Winnipeg Free Press - PRINT EDITION

Heed red flag raised by pet-hating partner

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DEAR MISS LONELYHEARTS: I brought a stray, freezing kitten home that I found dumped in the big snow, and my live-in won't let me keep it. This is consistent with her "keep the house clean" and "don't make love if it's messy" policy. I find out, now that we're living together, the reason she doesn't have pets is because she hates them. She doesn't like their neediness, the extra cost, the need to take care of them and show them love and affection. She always pretended to like people's dogs and cats when we visited them and never said one word against them. She knows I want a cat again, as I had one in my family until I moved in with her. Today I'm feeling so bitter as I must take this kitten to the no-kill centre. I feel like taking my girlfriend and dumping her off instead! I told my best buddy this. He said I'm overreacting but I'm really angry and disappointed in her. I don't think I want her as a wife to my children someday. She would deny them pets too. Am I looking too far down the road? -- Very Angry, Downtown

Dear Angry: Living together is a good idea when you need to find out if someone is going to be your mate for life, and the mother of your children. This woman is not the earth mother type you need -- unafraid of dirt, loving animals big and small, happy to go out in the fresh air with dogs, OK with helping clean litter boxes. You need to marry the kind of woman who isn't angry with the messes kids make when playing, or resentful that she has to change dirty diapers. Your whole body is telling you something today, so listen. You need to move on and it can be now, or you can waste some more time and it can be later. But, this is not the final answer in terms of a woman for you to marry. One instance, in this case, is a big red flag, so your buddy is wrong in saying you're overreacting. Heed the red flags!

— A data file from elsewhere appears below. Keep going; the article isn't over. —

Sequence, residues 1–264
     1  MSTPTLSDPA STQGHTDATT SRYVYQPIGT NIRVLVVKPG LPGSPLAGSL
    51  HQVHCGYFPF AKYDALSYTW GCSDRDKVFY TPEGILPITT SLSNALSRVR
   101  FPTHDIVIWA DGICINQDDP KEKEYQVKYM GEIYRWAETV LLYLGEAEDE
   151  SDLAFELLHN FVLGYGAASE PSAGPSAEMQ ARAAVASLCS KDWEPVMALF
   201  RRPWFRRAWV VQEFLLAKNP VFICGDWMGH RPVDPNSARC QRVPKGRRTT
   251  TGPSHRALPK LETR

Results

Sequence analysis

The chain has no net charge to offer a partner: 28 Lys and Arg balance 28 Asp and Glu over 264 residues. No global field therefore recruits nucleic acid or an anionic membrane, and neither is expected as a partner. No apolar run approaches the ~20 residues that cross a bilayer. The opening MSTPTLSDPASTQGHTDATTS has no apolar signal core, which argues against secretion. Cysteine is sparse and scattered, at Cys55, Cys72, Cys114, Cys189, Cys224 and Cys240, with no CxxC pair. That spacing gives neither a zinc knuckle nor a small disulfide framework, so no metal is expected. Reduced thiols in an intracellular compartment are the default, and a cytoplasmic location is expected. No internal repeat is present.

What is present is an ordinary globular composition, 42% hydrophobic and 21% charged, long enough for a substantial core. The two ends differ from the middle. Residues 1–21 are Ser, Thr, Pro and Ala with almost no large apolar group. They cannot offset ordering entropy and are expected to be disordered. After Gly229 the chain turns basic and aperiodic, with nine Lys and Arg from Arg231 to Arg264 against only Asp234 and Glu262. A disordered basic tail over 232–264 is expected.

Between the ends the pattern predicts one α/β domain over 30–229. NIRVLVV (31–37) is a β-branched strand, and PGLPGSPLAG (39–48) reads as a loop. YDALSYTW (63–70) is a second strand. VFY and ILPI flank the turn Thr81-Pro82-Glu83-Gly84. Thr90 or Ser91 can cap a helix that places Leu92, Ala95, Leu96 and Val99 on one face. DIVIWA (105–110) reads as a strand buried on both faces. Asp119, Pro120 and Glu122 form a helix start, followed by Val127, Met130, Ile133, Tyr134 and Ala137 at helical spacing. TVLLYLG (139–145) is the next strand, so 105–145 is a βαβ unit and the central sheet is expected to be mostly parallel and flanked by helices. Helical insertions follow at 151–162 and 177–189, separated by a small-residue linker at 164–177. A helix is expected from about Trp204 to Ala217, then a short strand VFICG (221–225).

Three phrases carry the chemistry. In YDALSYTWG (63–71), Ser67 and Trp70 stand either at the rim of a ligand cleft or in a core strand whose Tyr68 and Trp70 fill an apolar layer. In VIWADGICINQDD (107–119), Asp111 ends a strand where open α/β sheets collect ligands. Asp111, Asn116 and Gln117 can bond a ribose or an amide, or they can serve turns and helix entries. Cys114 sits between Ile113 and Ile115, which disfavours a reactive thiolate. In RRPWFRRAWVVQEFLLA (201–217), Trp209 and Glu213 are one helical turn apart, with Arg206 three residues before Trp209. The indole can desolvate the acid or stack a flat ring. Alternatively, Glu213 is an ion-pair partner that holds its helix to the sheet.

Dear Miss Lonelyhearts: I'm writing in response to Tempted to Pull the Plug, who was asking for advice on what to do about his wife's cold attitude towards his son. My advice is to end it! I went through a similar situation as the son, when I was around his age. My stepmother would mock my voice (I have a disability that affects it), would accuse me of giving her or her son "dirty looks" completely out of the blue, and would pick on me for preferring to stay indoors and read rather than going outside to play. My father would usually take her side in a fight, and there was such hostility that I ended up crying myself to sleep most nights. When I was just hitting my teenage years I went to live with my mom permanently, and I only speak to my father a few times a year now. If Pull the Plug decides to stay with his wife, I can guarantee that his relationship with his son will never be the same. At some level the son will always feel resentment towards his father for choosing his wife over his son. -- Been There And It Hurts, Winnipeg

Dear Been There: There's not too much that puzzles me in human behaviour, but this has always confounded me. How could a man or woman stay in love with a person who was cruel to their children and how could that blood parent take the side of the abuser he or she married? How can a person be "turned on" by someone who has mocked their children earlier in the evening and made them cry themselves to sleep? I just don't get it. Maybe somebody out there can explain why they let the step-parent they married stay on, and treat their kids badly sometimes for years and years. That would be enlightening to us all.

Republished from the Winnipeg Free Press print edition November 22, 2012 C2

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